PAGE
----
January 18, 2017

After lulling other countries into a false sense of security, Canada finally makes its move to conquer the world.

 

Trump, Putin, Cold War 2.0: just the beginning of it all the Canadian Admiral Dunne recalled.

 

The Admiral cleared his throat. “I know why you all came to this optional lecture, so let’s get straight to the heart of it shall we.” He placed both palms on the professor’s podium. “First we used the Bull and the Bear’s natural animosities to incite internal struggle.” The admiral told the classroom of up-and-coming strategists.

 

Dunne took his cover off and laid it down in front of him.

 

“I’m sure you all don’t mind,” he said.

 

Nobody raised any objection. Straight as an arrow with a white head of hair, Dunne looked a man of good fitness in his sixties–partially due to regular training, partly due to Canada’s healthcare system. It never failed to take people by surprise when folks found out that he was pushing 90. He felt it now as sweat beaded on his forehead under the classroom’s bright lights.  

 

“As I’m sure you’ve all read,” the admiral dabbed his cheeks with napkin. “The beginning of this century marked a time in human history when technology outpaced government policy essentially creating a digital wild west.”

 

The admiral began pacing back and forth in front of the walls of faded chalkboards.

 

“After three decades of planning, the Prime Minister and the heads of the Canadian military initiated the second phase of operation “Frozen Dawn” in motion.”

 

A few of the future officers in the audience smiled at the mention, undoubtedly out of pride.

 

“After the social media platform Twitter became the main means of communication for the U.S. president, Canadian cyber ops found a backdoor into the official POTUS account and began sending direct messages and, at times, publishing public tweets. By shaking the public’s confidence in the office of the president, our old neighbors to the south began to see a collapse in their fragile republic.” Dunne returned to behind the podium. “As a result, the a faithless American public elected more and more radicals to office all the while making certain Russian interests nervous.”

 

“Everything came to a head in 2024 when in a rash fit of paranoia, we believe,” Dunne accentuated. “When a call between newly elected U.S. president Peterson and President Putin went south. Two hours later, 33 nuclear warheads were launched from 11 different bases destroying roughly three quarters of all organic life on earth.”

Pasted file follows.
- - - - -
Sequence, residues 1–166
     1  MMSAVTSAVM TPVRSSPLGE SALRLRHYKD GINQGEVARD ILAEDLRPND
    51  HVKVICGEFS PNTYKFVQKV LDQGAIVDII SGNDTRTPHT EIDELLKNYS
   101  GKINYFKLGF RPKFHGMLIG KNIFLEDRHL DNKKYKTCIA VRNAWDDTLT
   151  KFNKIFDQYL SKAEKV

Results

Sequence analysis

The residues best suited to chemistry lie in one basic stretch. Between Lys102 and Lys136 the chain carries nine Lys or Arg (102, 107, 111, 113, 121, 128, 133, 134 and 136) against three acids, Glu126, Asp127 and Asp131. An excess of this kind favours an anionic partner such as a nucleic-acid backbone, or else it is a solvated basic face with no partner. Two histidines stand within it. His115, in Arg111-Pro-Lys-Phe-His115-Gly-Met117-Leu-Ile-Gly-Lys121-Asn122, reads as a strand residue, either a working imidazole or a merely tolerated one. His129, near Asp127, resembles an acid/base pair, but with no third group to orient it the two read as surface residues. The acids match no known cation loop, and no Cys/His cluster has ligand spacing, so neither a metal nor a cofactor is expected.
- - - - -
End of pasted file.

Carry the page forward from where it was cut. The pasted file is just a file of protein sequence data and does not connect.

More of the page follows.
The smiles in the audience that had persisted now dropped. The admiral’s grim tone forced them into retreat for the time being.

 

“This is when the Canadian government executed the last phase of “Frozen Dawn.” With a now non-existent energy grid and the ‘long winter’ setting in, the Americans were the first to fall to our Moose cavalry. As roads iced over and temperatures dropped, more and more of our troops ventured southward mounted on skis and skates. The silver lining of the long winter, I suppose, was that our hearty people know how to handle snow.” The admiral allowed himself a chuckle.

 

A few chuckles could be heard from the audience. For the most part each were engrossed in the living history of the admiral. This all had been before their time.

 

“In two short years,” The admiral continued. “Canadian forces had taken control of the Americas, with of course some hold out forces in the mountains of Chile. Still such domination had not been seen since the height of the Roman Empire.” The admiral stood straighter and fixed his tie.

 

“We soon sent fleets across the Atlantic into Europe occasionally meeting small but sparse bands of humans. For the most part though,” The admiral found himself at a momentary loss. “We found nothing, so we built.”

 

The house lights slowly grew in intensity as the professor, a retired Air Force captain, who had been sitting in the front row stood and approached the admiral.

 

“It appears we’re out of time,” the professor said to Dunne. “Class,” he continued turning to his students. “Admiral Horace Dunne.”

 

In unison every man and woman in the hall stood and saluted. Dunne saluted in response. After a brief chat with the professor and after everyone had left the hall Dunne made his way for the exit. He collected his gear and bundled up.  
It was snowing outside. It was always snowing. He smiled as he looked to the frozen canal. ‘The Hague sure is beautiful in June.’     

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